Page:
How do you move a barn? Very carefully it turns out. For many years residents Central Pennsylvania have driven by the Star Barn while driving between Lancaster and Harrisburg on Route 283. Those motorists have watched as the historic barn deteriorated over the years until it was all but falling apart.

The Star Barn and its outbuildings, or Walnut Hill, was built it 1872 in Lower Swatara Township in Dauphin County by John Motter to function as a barn, pigsty, carriage house, chicken coop, grain silo and milk house. It was built in the Gothic Revival style with an immense cupola on its cross-gable roof and it gets its nickname from the star-shaped louvers located on two sides of the barn. It is also famous for its trefoil carved gingerbread trim. In 2000 it was added to the National Register of Historic Places, 14 years after it was last part of a working farm with a goal to preserve the structure.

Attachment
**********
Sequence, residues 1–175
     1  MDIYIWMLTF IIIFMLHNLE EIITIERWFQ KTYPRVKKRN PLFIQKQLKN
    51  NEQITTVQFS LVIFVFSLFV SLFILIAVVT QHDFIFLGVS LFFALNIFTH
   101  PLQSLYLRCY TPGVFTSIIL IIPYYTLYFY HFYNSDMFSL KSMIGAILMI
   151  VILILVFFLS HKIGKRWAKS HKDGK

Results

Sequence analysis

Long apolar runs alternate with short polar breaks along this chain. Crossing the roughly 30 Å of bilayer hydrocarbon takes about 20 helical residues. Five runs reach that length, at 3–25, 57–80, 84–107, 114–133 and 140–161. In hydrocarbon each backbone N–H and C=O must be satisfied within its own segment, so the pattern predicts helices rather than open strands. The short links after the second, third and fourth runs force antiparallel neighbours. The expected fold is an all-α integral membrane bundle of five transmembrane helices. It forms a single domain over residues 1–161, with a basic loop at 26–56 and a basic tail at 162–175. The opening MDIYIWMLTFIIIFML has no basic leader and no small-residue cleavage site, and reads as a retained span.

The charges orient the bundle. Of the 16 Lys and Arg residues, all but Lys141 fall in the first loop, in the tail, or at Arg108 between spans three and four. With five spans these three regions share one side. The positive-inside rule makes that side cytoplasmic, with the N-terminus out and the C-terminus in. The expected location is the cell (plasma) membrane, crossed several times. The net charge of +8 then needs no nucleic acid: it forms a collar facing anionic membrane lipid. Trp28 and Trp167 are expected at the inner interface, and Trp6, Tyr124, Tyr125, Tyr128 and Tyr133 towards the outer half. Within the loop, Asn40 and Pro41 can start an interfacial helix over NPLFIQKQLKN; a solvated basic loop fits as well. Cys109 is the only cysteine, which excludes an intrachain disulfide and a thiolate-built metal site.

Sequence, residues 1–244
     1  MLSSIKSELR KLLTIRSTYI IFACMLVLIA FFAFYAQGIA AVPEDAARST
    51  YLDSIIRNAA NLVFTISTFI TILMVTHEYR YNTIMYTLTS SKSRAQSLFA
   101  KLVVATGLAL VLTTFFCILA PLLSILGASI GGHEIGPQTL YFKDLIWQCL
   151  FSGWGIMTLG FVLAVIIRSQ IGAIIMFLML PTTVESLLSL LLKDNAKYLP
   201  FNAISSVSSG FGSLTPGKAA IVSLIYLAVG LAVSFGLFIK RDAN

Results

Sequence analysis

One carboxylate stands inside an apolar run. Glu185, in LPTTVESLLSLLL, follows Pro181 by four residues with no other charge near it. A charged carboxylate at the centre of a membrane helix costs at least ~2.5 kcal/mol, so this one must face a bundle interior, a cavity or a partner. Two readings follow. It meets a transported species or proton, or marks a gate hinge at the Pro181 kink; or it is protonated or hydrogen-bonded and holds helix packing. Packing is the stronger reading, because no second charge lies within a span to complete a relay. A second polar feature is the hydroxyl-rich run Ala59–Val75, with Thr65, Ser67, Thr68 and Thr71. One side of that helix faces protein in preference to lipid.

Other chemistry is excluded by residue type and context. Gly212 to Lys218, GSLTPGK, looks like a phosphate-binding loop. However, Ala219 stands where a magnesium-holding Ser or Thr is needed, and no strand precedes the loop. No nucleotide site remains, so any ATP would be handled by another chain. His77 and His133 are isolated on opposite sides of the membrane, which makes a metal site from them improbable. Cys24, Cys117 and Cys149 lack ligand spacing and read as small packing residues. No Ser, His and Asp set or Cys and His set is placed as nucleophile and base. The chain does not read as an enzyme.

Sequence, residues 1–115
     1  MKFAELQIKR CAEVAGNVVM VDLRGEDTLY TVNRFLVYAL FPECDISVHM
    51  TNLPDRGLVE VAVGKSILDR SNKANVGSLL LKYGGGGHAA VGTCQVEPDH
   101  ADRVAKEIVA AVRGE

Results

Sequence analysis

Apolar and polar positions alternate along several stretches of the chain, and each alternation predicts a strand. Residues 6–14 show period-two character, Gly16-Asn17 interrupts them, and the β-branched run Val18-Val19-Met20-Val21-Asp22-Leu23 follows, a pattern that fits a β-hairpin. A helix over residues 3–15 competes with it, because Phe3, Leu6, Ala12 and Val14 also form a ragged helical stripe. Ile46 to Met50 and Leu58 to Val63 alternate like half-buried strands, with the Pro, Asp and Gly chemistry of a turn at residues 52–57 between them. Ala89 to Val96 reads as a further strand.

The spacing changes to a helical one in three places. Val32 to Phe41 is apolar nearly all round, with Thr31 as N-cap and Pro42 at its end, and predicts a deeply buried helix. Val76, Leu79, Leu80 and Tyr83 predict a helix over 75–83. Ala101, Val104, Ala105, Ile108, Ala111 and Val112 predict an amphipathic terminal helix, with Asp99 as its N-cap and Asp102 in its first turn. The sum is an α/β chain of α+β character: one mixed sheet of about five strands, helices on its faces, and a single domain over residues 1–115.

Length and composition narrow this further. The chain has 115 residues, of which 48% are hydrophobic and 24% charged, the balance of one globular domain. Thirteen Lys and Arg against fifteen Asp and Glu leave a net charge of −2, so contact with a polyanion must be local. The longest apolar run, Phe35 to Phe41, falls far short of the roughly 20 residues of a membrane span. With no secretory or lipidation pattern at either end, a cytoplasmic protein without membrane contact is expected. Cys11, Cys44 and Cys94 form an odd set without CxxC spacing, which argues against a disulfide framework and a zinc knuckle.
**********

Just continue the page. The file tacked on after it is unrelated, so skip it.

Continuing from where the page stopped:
Some could not simply watch the barn, already in disrepair, just simply fall apart. Preservation efforts had begun in the 1990s but no one group had the money to preserve the barn at its present location. DAS Companies bought the property and announced plans to move the barn to its Ironstone Ranch property in West Donegal Township in Lancaster County where it will be featured as part of an agricultural heritage exhibit. Dismantling began in October of 2015.

DAS has said that it will take almost two years for the barn to be disassembled and painstakingly restored. Throughout the whole process the Pennsylvania Historical and Museum Commission will be working closely with DAS. The barn, along with it is hoped its outbuildings, will be restored and reassembled and become part of a working farm and showcase for Pennsylvania rural life. This is just a reminder that barns can be more than wooden structures, they can be works of art. For move information on the Star Barn check out